I’m getting a bit irritated. We’ve posted legitimate concerns and pointed out real issues with the series, yet the fans persist in ignoring every point and instead attacking the critics on a personal level. There must be something wrong with us, we are the ones who are in the wrong. My personal favorite is the ‘everyone is entitled to their own opinion…unless that opinion directly contradicts my own.’ Yet no one attempts to refute the ‘negative’ arguments directly, instead they use logical fallacies and personal attacks.

          I’m a bit disturbed by this trend considering the nature of the criticisms that have been noted. Racism, homophobia, and general misogyny. Particularly with the racism, I outlined in other comments the racist problems of the series, yet no one has bothered to attempt to explain them…except for one rather insulting comment that used the “I have black friends” defense. Instead, fans attempt to show that the criticism is a result of some sort of flaw with the critics. I cannot help but be reminded of people who attempt to explain away racism as being a problem of ‘touchy minorities’ or who try to brush off sexism and misogyny as an issue of ‘over-sensitive women.’

          The fans inability to recognize the problematic elements of the series is one thing, but when you attempt to rationalize those problems as being nothing more than ‘nit-picking haters with a bias,’ you start to malign and disparage important issues such as racism and sexism while demeaning those who are affected by it.

          When my sisters and I were picked on in school for our interracial heritage, my mother tried over and over again to get the principal to do something about it. The school, as a whole, brushed it off as normal bullying, and said we were being too sensitive about it. “Just ignore it and the kids will stop,” they said.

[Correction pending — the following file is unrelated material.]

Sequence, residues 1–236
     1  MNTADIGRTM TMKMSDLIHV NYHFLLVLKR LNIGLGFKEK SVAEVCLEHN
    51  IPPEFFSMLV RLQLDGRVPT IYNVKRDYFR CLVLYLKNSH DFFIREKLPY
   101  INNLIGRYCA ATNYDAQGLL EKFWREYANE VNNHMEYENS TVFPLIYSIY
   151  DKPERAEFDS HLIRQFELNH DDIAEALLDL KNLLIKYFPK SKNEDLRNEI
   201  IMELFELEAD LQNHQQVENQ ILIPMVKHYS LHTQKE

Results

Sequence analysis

I get that fans enjoy the series, I really don’t fault them for that. What bothers me is the way they try to ignore any and all problems of the series by blaming it on the critics. It is entirely possible to enjoy something while recognizing it’s flaws, flaws are inherent in everything of this world. I really would like it if the fans would stop trying to brush off the flaws of the series as being some sort of fault of the critic, worse I hate how we are supposed to be ‘quiet.’ It reminds me of how I eventually stopped telling my mother about the attacks at school, because I thought that being silent about it was better than listening to the teachers tell me that being bullied for my ethnicity was just me ‘over-reacting’ to normal teasing. I cannot help but draw similarities here when I note the racism of the AB series, then have fans tell me that I’m just a negative hater over-reacting to things.

          Eric, I’m not sure why you think the critics are the trolls, when nothing in your comments addresses the criticism directly. Instead you not only focus on the critics, but one in particular (which makes me wonder who is biased in this regard). You don’t like it when debates veer into personal attacks while labeling critics as trolls and singling out one critic, while painting a rather negative picture of critics as a whole:

          “E.A. and her cohorts descend upon them, labeling them “troos” and characterizing them as cult members who would walk off the nearest cliff if LKH told them to. Once they have driven the “troo” away, they give each other self congratulatory slaps on the back and chortle to each other about how they showed another one.”

          You dislike personal attacks…so why use such?

          • Eric

            Shy,